European shares close in on 2012 highs as US worries ease

Tue Dec 18, 2012 5:46pm IST

Border Security Force (BSF) soldiers ride their camels as they rehearse for the "Beating the Retreat" ceremony in New Delhi January 27, 2015. REUTERS/Ahmad Masood

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Rehearsals are on for "Beating the Retreat" ceremony which symbolises retreat after a day on the battlefield, and marks the official end of the Republic Day celebrations.  Slideshow 

* FTSEurofirst up 0.3 percent

* Fears over U.S. fiscal cliff ease

* Miners extend value rally

* Nokia rallying on Lumia sales hopes

By David Brett

LONDON, Dec 18 (Reuters) - European shares rose close to 2012 highs on Tuesday on signs that U.S. lawmakers might reach agreement to avoid looming tax hikes and spending cuts that threaten to hurt the world's biggest economy.

By 1132 GMT, the FTSEurofirst 300 was up 3.49 points, or 0.3 percent at 1,136.01, nearing its peak for the year of 1,141.32, as was France's CAC, at 3,638.87.

Shares gained after U.S. President Barack Obama made a counter-offer to Republicans that included a change in position on tax hikes for the wealthy, according to a source.

But with the CAC and FTSEurofirst near year-to-date highs and Germany's DAX at fresh 2012 highs, and with no formal U.S. deal on the table, investors were not getting carried away.

"It is a concern because it would not be great if the world's biggest economy fell back into recession," Andrea Williams, European fund manager at Royal London Asset Management, said.

"(But) I would like to think the parties would get themselves sorted and not let the economy go back into recession again but you have to have faith in the politicians," she said.

Shares in Nokia jumped 5 percent on expectations for good sales of its new Lumia smartphone models in the crucial Christmas shopping season, a trader said. Shares of the Finnish company have plunged 17.5 percent this year as the company, once the world's biggest mobile phone maker, has lost market share to Apple and Samsung.

Basic resources shares were the best-performing stocks by sector. Having underperformed broader markets by up to 25 percent this year, the sector has risen 10.8 percent in the last month on valuation grounds and reassuring economic data from China.

Elsewhere, security firm G4S rose 3 percent, shrugging off the recent negative sentiment surrounding its Olympics tender to trade better on a Financial Times report that a government contract relating to welfare reform is about to be awarded.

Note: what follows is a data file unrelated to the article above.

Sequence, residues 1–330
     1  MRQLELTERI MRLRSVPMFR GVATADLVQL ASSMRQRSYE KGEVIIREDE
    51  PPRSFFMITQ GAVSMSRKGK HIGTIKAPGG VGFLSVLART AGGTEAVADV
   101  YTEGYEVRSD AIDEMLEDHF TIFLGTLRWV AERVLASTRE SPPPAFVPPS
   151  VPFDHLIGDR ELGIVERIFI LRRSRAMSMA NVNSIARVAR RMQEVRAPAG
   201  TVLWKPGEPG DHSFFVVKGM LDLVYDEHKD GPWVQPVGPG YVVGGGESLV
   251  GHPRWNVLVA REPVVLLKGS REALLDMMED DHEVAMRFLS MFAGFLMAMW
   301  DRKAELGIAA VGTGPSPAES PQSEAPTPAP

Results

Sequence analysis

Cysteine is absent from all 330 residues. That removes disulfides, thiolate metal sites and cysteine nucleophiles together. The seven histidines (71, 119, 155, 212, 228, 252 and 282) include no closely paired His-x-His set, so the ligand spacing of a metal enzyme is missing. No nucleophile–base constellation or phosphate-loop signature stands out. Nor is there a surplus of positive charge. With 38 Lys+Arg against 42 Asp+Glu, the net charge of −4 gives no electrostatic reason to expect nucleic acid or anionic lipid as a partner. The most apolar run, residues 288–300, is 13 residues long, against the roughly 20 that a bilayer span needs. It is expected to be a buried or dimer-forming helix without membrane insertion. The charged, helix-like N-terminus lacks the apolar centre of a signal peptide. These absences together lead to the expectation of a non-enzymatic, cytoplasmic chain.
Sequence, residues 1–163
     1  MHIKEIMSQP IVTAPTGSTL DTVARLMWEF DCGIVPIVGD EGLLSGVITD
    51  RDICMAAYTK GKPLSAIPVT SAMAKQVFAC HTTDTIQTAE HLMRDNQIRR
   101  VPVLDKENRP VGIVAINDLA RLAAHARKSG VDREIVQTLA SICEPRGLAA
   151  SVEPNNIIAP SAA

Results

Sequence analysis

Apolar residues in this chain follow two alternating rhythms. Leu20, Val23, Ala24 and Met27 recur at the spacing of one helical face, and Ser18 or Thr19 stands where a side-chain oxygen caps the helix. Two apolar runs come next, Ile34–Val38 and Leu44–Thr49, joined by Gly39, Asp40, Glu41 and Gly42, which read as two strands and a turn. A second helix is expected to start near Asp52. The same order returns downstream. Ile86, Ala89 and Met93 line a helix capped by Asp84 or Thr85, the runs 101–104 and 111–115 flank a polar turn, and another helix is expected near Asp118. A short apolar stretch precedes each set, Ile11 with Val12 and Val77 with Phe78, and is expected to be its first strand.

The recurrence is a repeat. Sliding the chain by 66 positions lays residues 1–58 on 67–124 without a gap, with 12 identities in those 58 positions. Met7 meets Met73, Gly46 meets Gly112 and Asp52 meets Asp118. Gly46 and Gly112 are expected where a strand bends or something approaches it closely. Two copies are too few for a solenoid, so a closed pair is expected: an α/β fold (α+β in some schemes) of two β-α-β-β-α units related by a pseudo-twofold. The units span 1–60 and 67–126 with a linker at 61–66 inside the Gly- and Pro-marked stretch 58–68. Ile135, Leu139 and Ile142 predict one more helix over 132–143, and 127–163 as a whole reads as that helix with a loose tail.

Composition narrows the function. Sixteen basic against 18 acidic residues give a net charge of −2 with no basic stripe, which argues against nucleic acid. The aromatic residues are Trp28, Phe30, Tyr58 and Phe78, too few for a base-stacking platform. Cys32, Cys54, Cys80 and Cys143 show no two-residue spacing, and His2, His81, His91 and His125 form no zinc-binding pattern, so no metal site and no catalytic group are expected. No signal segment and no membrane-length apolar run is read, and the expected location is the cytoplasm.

Flows into European equity funds climbed to a three-month high last week as U.S. investors beefed up their exposure to Europe, according to EFPR data.

The renewed demand for European shares has been driven by the data from China, a European Central Bank pledge made in September to do what it takes to save the euro, and optimism that a U.S. budget deal will be struck.

Williams at Royal London Asset Management is cautious about equities, saying the risk of further problems in Europe cannot be ruled out, but is "overweight" on telecoms and healthcare for dividend exposure.

Her big sector bet is insurance over banks, where she has been reducing her investments on concerns over further capital raising.

She is also "overweight" on industrials for their emerging market exposure.

Industrials were among the top performers on Tuesday with the sector index up 0.4 percent and winners included Swedish compressor and mining gear maker Atlas Copco, which was 0.8 percent higher.

Volumes suggested the seasonal wind down had already begun with indexes trading at around 35 percent of their already weak 90-day daily average, which sets the scene for some choppy sessions heading into the Christmas break.

"This could add to any intraday volatility but as has been the case since the Presidential election, it's going to be the fiscal cliff that stands to dominate market sentiment for now," Fawad Razaqzada, Market Strategist at GFT Markets, said.


After wave of QE, onus shifts to leaders to boost economy

DAVOS, Switzerland - Central banks have done their best to rescue the world economy by printing money and politicians must now act fast to enact structural reforms and pro-investment policies to boost growth, central bankers said on Saturday.

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